A marijuana pipe. Stock photo

A Town of Huntington councilman is planning a town hall to share how the town can be prepared if marijuana is legalized in New York.

On June 4, 7 p.m. at Huntington Town Hall, Councilman Mark Cuthbertson (D) will preside over a discussion titled “The New York State legalization of marijuana: How would it affect us in the Town of Huntington? How can we best be prepared?”

Panelists include professionals from law enforcement, treatment and recovery; health care and prevention specialists; drug counselors; the American Automobile Association; human resource professionals and public policy makers. Panelists are expected to start the conversation on what the impact on Huntington would be if marijuana is legalized, followed by a question and answer section.

“The passing of such an impactful law at the state level requires leadership and commitment from local government policy makers,” Cuthbertson said. “We want to make sure that the Town of Huntington is prepared if this law is passed.”

For more information on the seminar people can call Cuthbertson’s office at 631-351-3171.

The Huntington Town board will consider at its June 18 meeting a plan to convert its Old Town Hall into an expanded hotel. The board previously approved the project, but will be reconsider a revised plan, which entails enlarging the size of the hotel from 55 rooms to  80 rooms. The proposal includes a three-story addition onto the rear of Old Town Hall, where the rooms would be located. The Old Town Hall building would contain the lobby, offices and common areas, as previously proposed. 

The site is located in the Historic Overlay District, a designation that gives owners of historic properties and large residential estates flexibility for use. The expansion means that the board must consider applying that special status to an additional parcel east of Old Town Hall, which the applicant acquired for the expansion.

“It’s important we bring renewed life to this historic landmark, preserving Huntington’s history and boosting our downtown economy,” Supervisor Chad Lupinacci (R) said. “Huntington village has always been a destination and the idea of a boutique hotel that pays homage to the building’s past life as the former Town Hall will achieve those goals, while bringing added convenience and comfort of an overnight stay.”

The project is being developed by Huntington Village Hotel Partners with George Tsunis one of the affiliated associates. Tsunis, a former partner in Rivkin Radler LLP, a law firm that represents both private clients and municipalities has served the Town of Huntington as special counsel.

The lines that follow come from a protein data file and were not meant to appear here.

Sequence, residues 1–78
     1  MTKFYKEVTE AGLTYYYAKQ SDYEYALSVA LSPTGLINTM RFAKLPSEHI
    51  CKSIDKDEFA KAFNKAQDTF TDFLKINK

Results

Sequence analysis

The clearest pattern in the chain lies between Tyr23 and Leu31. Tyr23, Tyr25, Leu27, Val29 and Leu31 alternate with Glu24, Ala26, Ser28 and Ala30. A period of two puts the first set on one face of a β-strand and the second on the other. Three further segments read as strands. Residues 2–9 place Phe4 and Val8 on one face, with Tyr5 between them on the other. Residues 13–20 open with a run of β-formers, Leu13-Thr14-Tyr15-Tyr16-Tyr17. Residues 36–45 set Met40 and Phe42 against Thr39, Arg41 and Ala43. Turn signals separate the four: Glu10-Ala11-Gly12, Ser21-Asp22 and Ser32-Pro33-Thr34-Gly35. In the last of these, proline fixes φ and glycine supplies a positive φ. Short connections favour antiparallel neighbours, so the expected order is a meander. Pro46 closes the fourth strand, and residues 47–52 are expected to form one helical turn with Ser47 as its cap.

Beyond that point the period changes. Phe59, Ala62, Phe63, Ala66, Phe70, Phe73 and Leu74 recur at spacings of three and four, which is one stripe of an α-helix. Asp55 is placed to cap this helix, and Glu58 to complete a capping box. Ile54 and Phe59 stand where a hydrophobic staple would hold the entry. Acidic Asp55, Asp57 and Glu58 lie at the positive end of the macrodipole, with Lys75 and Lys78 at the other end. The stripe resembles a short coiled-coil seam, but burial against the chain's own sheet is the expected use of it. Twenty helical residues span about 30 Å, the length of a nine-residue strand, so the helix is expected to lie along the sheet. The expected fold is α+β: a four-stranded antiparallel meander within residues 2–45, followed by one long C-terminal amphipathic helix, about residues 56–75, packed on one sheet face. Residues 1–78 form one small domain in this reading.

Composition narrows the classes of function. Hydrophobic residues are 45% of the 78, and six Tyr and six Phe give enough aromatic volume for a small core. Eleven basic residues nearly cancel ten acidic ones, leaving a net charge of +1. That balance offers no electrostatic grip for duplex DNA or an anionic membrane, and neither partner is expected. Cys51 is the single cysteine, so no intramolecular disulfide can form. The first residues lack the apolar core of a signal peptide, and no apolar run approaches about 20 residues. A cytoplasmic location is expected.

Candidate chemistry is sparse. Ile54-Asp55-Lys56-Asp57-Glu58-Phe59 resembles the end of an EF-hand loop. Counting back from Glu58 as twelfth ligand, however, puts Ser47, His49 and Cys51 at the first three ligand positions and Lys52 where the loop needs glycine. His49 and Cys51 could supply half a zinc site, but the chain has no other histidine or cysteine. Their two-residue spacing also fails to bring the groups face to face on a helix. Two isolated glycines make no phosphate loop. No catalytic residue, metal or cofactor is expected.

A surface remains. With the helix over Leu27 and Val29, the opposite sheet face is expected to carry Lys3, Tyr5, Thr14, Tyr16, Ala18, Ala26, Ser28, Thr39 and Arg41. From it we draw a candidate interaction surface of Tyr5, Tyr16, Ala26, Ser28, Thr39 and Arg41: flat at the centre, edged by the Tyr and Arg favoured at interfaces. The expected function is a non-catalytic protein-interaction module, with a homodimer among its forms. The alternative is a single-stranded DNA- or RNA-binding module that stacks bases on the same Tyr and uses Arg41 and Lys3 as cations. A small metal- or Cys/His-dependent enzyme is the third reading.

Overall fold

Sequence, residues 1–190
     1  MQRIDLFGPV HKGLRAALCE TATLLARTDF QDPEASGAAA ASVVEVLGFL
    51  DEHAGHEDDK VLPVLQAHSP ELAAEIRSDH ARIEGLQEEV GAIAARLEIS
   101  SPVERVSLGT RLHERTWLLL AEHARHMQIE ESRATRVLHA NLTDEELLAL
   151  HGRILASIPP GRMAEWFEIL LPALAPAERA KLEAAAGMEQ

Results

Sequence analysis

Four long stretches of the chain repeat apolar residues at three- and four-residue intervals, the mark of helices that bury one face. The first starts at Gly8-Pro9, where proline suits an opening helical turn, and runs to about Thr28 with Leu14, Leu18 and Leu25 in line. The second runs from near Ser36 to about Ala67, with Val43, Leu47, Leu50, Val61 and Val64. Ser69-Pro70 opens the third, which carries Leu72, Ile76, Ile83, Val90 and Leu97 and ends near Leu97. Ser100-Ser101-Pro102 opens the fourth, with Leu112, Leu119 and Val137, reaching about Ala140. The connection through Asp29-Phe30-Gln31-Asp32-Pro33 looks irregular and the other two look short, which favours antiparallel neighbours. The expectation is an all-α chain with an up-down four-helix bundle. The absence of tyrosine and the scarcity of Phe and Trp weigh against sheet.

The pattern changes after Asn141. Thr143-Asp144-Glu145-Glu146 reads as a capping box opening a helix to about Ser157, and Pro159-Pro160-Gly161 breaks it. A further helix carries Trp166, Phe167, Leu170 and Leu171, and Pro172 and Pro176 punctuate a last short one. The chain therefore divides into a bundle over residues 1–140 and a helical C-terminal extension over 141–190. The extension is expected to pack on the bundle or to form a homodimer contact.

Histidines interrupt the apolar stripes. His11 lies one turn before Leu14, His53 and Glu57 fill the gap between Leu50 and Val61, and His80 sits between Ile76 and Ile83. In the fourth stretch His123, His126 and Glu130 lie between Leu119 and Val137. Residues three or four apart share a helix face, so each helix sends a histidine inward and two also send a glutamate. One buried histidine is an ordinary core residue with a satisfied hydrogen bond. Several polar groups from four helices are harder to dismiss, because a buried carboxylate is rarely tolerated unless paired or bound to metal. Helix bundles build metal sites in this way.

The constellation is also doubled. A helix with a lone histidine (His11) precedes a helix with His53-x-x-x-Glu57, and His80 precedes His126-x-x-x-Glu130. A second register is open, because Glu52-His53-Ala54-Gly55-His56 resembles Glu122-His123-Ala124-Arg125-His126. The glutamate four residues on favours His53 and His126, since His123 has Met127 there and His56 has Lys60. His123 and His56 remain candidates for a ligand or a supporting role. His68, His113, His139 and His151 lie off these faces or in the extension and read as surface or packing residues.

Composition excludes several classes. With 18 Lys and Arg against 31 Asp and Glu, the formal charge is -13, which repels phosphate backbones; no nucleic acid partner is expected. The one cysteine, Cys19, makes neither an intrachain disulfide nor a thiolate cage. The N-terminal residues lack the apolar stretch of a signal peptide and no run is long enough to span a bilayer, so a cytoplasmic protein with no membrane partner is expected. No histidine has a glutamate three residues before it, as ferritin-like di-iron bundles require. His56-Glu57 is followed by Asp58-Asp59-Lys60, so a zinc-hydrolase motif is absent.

Tsunis did not respond to telephone messages. Huntington Hotel Partners, as listed in the the state’s corporate file, uses the law firm Buzzell, Blanda and Visconti as its registered agent. The firm did not respond to telephone messages before going to press.

The plan to convert Old Town Hall into a hotel dates back to at least 2013, when Old Town Hall Operating Co. developed and submitted plans for a $10 million renovation to the town’s planning board. 

Old Town Hall was built in 1910 and is listed in the National Register of Historic Places. It last served as Huntington’s Town Hall in 1979.

Dr. Samuel L. Stanley Jr. addresses the crowd at Stony Brook University’s 2019 commencement May 24. Photo by Greg Catalano

Less than a week after Stony Brook University’s commencement ceremony, the school’s president will also be moving on.

On May 28, the Michigan State University Board of Trustees announced that SBU President Dr. Samuel L. Stanley Jr. will take on the role of president at MSU at a special meeting. Trustees chair Dianne Byrum said the goal was “to identify the best person possible to lead Michigan Student University.”

Melanie Foster, co-chair of MSU’s 18-member search committee, commented on the
announcement at the May 28 meeting.

“I know the Spartan community has been profoundly troubled by the events of the past years that have shaken confidence in the institution.”

— Samuel L. Stanley Jr.

“Today represents a pivotal moment in MSU’s 164-year history as we begin what I am confident will be an engaged and exciting future under the leadership of Dr. Samuel L. Stanley Jr.,” she said.

Stanley was in East Lansing for the announcement along with his wife and three of his four children.

“MSU is one of the world’s leading research universities, and I am grateful to the Board of Trustees and the Presidential Search Committee that so ably represented the entire MSU community for giving me the opportunity to serve this great institution,” Stanley said in a statement on the school’s website. “MSU’s core strength is its amazing students, superb faculty, dedicated staff and proud alumni, and I cannot wait to get to campus to meet with you and learn from you.”